The following is a list of the guiding principles that gives direction to the Board’s planning efforts and greater understanding about the people the Board serves:

The Board believes that all people, including people with disabilities and their families, have the same basic rights associated with the status of citizenship. All people have the right to life, liberty, and the pursuit of happiness; the right to be treated with respect and dignity; and the right to direct one’s own life, to control one’s own destiny.

The Wisconsin Board for People with Developmental Disabilities believes that individuals with developmental disabilities and their families should be the primary decision makers in the management of their lives including determining how the limited amount of public funding available to support them is spent. Individuals and families should be able to direct their supports to the extent they desire.

Within the limited resources available to them, individuals with developmental disabilities and their families have the right to make such essential decisions as where to live, with whom to live, and how and where to spend their time. People should have the freedom to choose the individuals or agencies supporting them.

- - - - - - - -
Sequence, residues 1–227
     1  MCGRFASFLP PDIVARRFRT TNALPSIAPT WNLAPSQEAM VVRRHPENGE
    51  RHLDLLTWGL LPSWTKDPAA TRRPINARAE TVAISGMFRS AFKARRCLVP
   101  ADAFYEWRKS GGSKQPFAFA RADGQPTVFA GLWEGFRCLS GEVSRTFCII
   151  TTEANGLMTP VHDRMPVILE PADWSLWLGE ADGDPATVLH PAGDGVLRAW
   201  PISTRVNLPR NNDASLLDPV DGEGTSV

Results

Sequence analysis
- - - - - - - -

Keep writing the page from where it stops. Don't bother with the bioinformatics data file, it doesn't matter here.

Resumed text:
Our valid goal of increasing independence for people with developmental disabilities is balanced by emphasizing the interrelationship and interdependence of people with developmental disabilities with one another, with their families, and with all of us on this planet who depend upon one another for survival, for love, for laughter, and for support when life becomes difficult or challenging.

The Board promotes the full inclusion of people with developmental disabilities into their communities. The Board also believes in promoting quality of life and safety by enhancing relationships with friends, families, neighbors and fellow citizens, as these relationships occur in the community.

The lifespan approach is grounded in flexible, individualized support, and an understanding of the life stages experienced by all people from birth, through childhood, adulthood, and old age. The Board recognizes that the passage through life includes continuous transition and adaptation. While any person’s capacities and needs change through a lifetime, all people rely on their families and the larger community for their sense of belonging and identity.

The Board recognizes the strengths of all people with developmental disabilities and their families, from all races, ethnicities, cultures, and socioeconomic circumstances. The goal of diversity is to support individuals and their families in a culturally competent manner, which is responsive to their beliefs, interpersonal styles, attitudes, language and behaviors, and ensures effective and meaningful opportunities for full participation in their communities.